Thursday, May 19, 2011

Why the Post-Dispatch didn't run an article naming Schwarzenegger's mistress

Several news organizations today published stories about former California Gov. Arnold Schwarzenegger's mistress revealing her name. The editors at the Post-Dispatch, however, chose not to include that story in today's paper.
We have decided that the Schwarzenegger story should be treated like any other story about a celebrityor politician involved in an affair. In most cases, these items appear only as briefs in the paper, noting the breakup of a marriage or filing of divorce papers. (In Wednesday's edition, we didrun a longer piece because it included the first public statements of both Schwarzenegger and his wife, Maria Shriver, about the affair.)
Due to Schwarzenegger's celebrity before becoming a politician and the political ties of Shriver's family (she is the daughter of Sargent Shriver and Eunice Kennedy Shriver) and her own celebrity as a television journalist and author, the couple often has been in thelimelight. Now, Schwarzenegger's mistress and their child have now been thrust onto the stage, but only because of the breakup of the Schwarzenegger-Shriver marriage.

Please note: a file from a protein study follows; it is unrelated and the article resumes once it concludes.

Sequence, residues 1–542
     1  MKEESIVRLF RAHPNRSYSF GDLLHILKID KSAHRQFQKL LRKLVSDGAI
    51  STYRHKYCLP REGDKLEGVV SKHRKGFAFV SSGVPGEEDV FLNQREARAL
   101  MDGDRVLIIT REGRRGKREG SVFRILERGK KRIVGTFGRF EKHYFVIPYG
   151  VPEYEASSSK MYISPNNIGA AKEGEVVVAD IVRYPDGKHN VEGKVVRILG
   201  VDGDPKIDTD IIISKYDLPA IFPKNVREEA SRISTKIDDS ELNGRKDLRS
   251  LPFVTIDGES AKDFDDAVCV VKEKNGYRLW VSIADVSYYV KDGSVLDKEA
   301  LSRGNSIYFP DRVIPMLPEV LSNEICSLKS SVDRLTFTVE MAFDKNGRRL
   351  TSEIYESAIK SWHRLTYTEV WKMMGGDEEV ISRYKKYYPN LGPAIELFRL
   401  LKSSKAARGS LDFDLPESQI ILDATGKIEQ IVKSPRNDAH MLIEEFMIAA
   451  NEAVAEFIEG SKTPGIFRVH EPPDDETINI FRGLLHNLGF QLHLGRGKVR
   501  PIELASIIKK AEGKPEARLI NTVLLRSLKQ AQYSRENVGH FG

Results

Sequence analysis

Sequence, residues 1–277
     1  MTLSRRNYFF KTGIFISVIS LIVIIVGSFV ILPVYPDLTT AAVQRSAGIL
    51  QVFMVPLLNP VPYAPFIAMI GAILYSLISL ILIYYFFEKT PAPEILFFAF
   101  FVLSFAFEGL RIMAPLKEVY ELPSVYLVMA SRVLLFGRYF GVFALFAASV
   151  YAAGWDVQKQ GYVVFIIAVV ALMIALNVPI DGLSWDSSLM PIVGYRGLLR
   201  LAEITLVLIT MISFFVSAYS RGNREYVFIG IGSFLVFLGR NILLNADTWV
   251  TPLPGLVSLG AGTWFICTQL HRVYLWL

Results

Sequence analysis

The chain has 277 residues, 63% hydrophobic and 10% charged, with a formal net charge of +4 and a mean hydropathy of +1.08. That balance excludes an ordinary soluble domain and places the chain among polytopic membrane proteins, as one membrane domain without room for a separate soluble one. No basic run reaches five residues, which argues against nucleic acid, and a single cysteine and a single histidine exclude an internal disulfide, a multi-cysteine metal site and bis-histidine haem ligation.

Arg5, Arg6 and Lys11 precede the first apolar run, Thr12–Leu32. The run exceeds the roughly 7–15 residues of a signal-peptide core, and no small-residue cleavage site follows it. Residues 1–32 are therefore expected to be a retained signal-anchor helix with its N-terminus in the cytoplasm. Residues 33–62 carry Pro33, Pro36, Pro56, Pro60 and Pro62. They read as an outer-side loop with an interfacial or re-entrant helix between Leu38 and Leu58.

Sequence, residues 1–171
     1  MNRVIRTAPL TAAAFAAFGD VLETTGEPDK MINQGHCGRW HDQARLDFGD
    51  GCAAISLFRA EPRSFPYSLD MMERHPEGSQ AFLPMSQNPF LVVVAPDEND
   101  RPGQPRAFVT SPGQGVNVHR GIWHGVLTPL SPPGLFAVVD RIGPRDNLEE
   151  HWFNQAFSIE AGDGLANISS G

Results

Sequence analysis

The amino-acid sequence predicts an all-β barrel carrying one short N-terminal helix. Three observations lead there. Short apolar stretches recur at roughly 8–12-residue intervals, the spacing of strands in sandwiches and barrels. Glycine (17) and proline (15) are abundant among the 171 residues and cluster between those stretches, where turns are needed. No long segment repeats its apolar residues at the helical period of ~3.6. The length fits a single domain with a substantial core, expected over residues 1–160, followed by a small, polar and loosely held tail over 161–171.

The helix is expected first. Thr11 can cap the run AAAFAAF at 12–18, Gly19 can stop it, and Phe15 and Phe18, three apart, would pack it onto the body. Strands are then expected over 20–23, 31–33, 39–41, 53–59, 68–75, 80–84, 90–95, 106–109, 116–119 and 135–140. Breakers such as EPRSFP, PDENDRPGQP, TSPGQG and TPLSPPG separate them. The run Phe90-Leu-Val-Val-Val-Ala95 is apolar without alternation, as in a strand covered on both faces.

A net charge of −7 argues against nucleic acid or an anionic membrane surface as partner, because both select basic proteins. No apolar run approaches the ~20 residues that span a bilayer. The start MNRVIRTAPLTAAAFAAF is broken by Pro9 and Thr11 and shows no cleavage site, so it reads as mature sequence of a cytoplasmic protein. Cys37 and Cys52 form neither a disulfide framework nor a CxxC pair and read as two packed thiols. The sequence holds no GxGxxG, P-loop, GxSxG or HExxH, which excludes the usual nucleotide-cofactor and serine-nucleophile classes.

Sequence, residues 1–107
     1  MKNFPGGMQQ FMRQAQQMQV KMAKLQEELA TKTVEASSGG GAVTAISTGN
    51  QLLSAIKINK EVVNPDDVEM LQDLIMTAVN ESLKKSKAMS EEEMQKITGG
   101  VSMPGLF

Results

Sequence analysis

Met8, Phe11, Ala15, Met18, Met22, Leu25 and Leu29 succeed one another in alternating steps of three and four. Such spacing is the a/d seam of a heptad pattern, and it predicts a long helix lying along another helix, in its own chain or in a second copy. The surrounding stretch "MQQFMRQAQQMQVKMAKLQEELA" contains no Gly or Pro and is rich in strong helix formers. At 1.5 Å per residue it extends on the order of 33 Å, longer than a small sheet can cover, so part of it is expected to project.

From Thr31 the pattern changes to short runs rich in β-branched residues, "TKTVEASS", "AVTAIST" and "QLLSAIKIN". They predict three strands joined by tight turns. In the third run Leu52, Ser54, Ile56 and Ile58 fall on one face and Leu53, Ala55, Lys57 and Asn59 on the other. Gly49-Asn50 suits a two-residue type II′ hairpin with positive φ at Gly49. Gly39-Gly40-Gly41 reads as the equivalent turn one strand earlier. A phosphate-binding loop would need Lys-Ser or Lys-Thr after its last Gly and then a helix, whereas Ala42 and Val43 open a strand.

This situation has triggered debates in newsrooms around the country. Schwarzenegger obviously is a public figure, but what about his mistress? Should she be named? And if we do so, don't we subsequently identify the child?
Several news organizations, including the New York Times, decided to publish her name. The Times article is about the media's coverage of the affair. The Los Angeles Times, which broke the story about the affair, also has an article about the media coverage, but chose not to disclose hername.

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